The rapid gentrification of the Casco Viejo has been striking. Today, tourists stroll along the cobblestone streets, photographing the colonial-era buildings. Third-wave coffeeshops serving Panama’s famous Geisha coffee can be found every few blocks.

Yet, there was something that I found disconcerting during my brief walk at sunset. Soldiers and policemen armed with assault rifles were everywhere. What lies danger beneath this candy-coloured veneer?

A.F. shared that Casco Viejo is next to El Chorrillo and Santa Ana – two areas that he warned me to not venture into. The armed personnel are there to deter the gangs from these areas from entering Casco Viejo. As he continued to explain why they are dangerous, it dawned upon me that I must have been in one of them earlier.

I mentioned to him the jarring observation I had earlier in the evening. My suspicion was right.

We passed the American Trade Hotel where A.F. had covered the Panama Fashion Week earlier in the day. Nearby was the same spot where some boys were playing soccer. Turns out that this – Baluarte Mano De Tigre – was part of a fortification to protect the city from pirates.

As we stood at the corner of Plaza Herrera, A.F. gestured to a building across the road. “This used to be a school and it is now a squat for homeless people,” he said.

Pointing further down the road, he added: “Do not go past that lamp post. Beyond that is El Chorrillo. This used to be the HQ of Panama’s last dictator, Manuel Noriega, and there are now many gangs after the US invasion.”

Over the next hour, we walked the gridded streets of Casco Antiguo as A.F. told me about things that I would not have otherwise known of.

At Paseo Esteban Huertas, an elevated promenade built atop the old city’s outer walls, A.F. pointed to the skyscrapers in the distance. “Do you know why most of them are dark?” he asked before answering his own question, “It’s because they are empty.” I realised that he was referring to money laundering. In Hong Kong, it is common for the Chinese to buy properties in the city to move money out of the mainland. In Panama City, many believe that drug cartels use real estate to launder money.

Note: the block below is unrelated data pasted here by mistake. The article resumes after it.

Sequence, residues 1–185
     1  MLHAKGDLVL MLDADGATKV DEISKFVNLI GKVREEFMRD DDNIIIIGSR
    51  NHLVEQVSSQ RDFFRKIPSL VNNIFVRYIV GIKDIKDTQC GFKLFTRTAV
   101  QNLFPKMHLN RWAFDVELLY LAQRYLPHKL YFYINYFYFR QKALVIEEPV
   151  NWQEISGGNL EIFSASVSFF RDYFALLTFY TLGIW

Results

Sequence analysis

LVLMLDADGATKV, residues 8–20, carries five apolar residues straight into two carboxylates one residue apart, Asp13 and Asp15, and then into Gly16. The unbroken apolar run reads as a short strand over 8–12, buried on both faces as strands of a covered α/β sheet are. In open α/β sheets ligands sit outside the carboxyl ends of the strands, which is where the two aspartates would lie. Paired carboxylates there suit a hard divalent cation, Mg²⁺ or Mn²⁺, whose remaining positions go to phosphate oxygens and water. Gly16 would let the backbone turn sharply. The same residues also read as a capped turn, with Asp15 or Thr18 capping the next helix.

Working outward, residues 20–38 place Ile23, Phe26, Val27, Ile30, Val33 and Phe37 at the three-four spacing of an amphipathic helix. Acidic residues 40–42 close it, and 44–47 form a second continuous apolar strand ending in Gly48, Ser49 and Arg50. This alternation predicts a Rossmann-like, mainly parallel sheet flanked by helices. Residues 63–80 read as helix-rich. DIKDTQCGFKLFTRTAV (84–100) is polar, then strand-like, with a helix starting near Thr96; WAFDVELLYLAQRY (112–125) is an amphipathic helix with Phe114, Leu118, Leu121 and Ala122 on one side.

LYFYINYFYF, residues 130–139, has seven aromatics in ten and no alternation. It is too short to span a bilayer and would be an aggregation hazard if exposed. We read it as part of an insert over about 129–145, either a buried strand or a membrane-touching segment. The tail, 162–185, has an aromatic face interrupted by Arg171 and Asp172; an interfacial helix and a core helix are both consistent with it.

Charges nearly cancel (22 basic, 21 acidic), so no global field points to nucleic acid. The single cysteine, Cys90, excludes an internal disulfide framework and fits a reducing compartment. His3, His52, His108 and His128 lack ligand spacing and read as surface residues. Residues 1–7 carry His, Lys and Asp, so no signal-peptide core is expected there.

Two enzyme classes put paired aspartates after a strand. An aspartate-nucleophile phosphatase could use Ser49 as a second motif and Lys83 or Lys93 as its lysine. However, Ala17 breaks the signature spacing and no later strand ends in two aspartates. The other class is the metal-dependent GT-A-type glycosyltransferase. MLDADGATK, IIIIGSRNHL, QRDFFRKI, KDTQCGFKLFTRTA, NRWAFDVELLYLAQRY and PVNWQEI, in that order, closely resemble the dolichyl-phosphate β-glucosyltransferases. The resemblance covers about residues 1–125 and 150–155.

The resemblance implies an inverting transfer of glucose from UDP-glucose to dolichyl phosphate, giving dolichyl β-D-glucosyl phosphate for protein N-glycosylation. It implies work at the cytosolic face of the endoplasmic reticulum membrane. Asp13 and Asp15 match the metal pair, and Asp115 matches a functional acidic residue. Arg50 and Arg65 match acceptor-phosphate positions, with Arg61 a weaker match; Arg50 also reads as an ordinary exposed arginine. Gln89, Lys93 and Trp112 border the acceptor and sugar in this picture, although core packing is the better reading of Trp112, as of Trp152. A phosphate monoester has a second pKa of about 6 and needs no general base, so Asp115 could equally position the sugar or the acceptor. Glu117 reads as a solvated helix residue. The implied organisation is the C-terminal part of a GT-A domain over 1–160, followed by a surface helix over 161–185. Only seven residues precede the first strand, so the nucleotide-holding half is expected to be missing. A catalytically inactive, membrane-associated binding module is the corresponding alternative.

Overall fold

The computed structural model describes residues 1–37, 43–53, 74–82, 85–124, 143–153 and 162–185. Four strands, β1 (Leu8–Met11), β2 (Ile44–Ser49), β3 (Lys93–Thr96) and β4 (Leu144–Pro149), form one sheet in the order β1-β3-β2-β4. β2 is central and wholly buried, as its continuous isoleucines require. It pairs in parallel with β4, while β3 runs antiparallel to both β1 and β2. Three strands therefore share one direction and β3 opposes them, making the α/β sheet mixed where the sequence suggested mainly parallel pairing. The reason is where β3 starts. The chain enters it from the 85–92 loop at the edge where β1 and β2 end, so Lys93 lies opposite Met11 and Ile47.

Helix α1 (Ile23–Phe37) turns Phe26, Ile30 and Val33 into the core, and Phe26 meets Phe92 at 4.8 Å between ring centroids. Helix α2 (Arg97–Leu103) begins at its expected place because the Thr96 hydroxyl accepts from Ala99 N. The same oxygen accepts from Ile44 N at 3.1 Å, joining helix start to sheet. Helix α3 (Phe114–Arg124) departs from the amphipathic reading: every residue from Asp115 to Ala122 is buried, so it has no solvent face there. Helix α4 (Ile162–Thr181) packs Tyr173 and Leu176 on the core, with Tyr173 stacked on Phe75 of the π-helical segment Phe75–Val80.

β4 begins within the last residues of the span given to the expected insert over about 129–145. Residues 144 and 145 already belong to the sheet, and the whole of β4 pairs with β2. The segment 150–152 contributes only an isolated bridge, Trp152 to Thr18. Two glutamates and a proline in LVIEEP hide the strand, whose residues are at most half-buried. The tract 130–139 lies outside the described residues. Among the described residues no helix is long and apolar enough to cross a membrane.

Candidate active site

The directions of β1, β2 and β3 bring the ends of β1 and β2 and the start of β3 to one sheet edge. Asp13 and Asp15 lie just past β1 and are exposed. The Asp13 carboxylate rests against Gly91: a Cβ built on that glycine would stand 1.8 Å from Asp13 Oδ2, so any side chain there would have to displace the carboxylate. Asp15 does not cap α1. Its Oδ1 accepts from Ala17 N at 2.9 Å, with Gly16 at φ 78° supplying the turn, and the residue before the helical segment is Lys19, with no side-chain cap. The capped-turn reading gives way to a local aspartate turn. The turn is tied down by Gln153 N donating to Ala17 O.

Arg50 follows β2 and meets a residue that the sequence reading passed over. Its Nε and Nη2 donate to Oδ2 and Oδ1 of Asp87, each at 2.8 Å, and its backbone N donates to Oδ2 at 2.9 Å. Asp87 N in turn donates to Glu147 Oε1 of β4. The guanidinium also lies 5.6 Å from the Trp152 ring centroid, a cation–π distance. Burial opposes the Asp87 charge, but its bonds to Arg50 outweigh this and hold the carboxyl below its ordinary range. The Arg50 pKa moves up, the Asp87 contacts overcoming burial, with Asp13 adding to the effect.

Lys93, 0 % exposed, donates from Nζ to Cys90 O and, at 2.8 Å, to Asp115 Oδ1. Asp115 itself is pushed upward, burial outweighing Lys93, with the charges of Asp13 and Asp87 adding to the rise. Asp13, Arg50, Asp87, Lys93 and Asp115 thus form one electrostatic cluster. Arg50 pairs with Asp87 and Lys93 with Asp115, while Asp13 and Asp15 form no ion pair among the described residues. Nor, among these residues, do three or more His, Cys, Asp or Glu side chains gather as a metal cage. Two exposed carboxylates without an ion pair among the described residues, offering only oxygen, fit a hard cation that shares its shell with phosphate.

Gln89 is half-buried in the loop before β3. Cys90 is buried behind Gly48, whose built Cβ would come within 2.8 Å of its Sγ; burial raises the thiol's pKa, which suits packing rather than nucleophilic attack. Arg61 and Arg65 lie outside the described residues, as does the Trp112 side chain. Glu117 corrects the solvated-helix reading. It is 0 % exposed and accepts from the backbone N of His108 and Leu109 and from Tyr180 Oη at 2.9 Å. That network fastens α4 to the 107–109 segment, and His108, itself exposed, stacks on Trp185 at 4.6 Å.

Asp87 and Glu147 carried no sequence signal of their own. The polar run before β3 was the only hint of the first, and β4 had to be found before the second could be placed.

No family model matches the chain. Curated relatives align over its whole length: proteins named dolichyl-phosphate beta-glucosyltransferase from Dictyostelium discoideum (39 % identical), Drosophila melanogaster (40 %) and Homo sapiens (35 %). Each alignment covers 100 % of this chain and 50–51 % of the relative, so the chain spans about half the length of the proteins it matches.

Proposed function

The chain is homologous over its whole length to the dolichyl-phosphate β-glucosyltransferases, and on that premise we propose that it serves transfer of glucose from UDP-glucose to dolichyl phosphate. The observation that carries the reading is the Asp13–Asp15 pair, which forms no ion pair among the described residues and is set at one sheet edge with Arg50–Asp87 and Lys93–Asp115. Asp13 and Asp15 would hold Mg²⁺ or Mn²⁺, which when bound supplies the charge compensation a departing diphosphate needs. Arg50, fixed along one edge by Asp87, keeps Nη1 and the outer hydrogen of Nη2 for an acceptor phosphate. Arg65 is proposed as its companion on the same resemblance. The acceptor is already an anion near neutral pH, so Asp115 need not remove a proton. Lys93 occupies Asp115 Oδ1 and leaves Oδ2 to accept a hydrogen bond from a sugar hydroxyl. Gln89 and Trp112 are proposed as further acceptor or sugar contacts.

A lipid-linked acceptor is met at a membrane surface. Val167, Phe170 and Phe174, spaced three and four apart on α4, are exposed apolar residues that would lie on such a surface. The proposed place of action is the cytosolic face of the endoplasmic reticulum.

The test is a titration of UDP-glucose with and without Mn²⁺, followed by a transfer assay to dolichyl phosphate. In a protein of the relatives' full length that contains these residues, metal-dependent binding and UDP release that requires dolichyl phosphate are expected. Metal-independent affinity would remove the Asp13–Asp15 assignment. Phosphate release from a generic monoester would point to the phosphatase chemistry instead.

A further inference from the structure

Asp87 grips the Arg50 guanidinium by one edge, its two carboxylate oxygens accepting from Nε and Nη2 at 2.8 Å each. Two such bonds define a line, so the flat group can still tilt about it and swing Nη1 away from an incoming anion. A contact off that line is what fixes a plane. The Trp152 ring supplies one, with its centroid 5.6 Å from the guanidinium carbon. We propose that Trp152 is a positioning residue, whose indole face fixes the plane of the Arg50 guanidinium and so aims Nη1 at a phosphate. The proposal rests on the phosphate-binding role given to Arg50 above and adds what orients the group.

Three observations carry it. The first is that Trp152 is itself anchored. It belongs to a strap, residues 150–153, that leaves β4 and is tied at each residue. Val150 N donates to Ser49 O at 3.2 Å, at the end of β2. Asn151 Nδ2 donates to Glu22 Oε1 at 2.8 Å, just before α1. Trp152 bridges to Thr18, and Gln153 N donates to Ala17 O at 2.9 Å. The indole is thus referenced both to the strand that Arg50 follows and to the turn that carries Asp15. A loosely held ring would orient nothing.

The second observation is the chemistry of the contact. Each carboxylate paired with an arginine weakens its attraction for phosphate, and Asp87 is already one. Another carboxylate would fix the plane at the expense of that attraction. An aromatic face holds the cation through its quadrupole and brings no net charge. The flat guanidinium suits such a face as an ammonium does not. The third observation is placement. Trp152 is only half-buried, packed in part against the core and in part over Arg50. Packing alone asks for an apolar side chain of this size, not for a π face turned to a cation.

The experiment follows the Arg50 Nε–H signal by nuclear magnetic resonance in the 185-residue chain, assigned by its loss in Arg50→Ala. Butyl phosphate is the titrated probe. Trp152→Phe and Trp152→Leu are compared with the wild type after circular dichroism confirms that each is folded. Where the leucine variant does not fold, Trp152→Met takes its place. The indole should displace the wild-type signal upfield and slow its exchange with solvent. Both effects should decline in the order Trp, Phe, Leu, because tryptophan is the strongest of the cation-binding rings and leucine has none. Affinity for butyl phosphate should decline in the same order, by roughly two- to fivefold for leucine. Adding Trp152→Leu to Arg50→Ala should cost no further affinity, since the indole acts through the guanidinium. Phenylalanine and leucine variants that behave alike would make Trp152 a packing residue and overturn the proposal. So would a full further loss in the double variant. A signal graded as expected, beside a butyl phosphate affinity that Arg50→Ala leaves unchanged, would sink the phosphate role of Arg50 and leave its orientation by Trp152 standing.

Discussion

Addicts used to shoot up drugs on the tiny beach that I found earlier when I wandered down an alley. They stopped after the owner of the building by the waterfront installed a bright light. Nonetheless, I began gingerly stepping around the debris-covered sand in my sandals.

He went on to point out details about certain restored heritage buildings and the stories behind them before dropping me off at the entrance of my hotel. Waving goodbye as his tumbler holding the half-finished drink swayed from his backpack, he disappeared into the night.

Months later, I sat down to record my experiences in Panama City. It still feels a tad surreal that I had set foot in that distant land not so long ago.

As I researched online to piece together some information, I learned about Operation Just Cause – that’s the US invasion of Panama that A.F. had mentioned.

El Chorrillo was the stronghold of Manuel Noriega. Civilians asleep in the many wooden tenements were killed or woken up to run for their lives when the US military attacked El Chorrillo at 1 A.M. on 20 December 1989.

Why did the US invade Panama?

The answer will vary depending who answers it. Wars and conflicts happen for different reasons but it is always the layperson who suffers the consequences. This report by Martha Gellhorn for Granta about its impact on the people of El Chorrillo and Panama City probably says it all.

While the aftermath of this invasion – including the brutal gang violence – can still be felt today, recent news show that El Chorrillo and its residents are emerging from this dark period.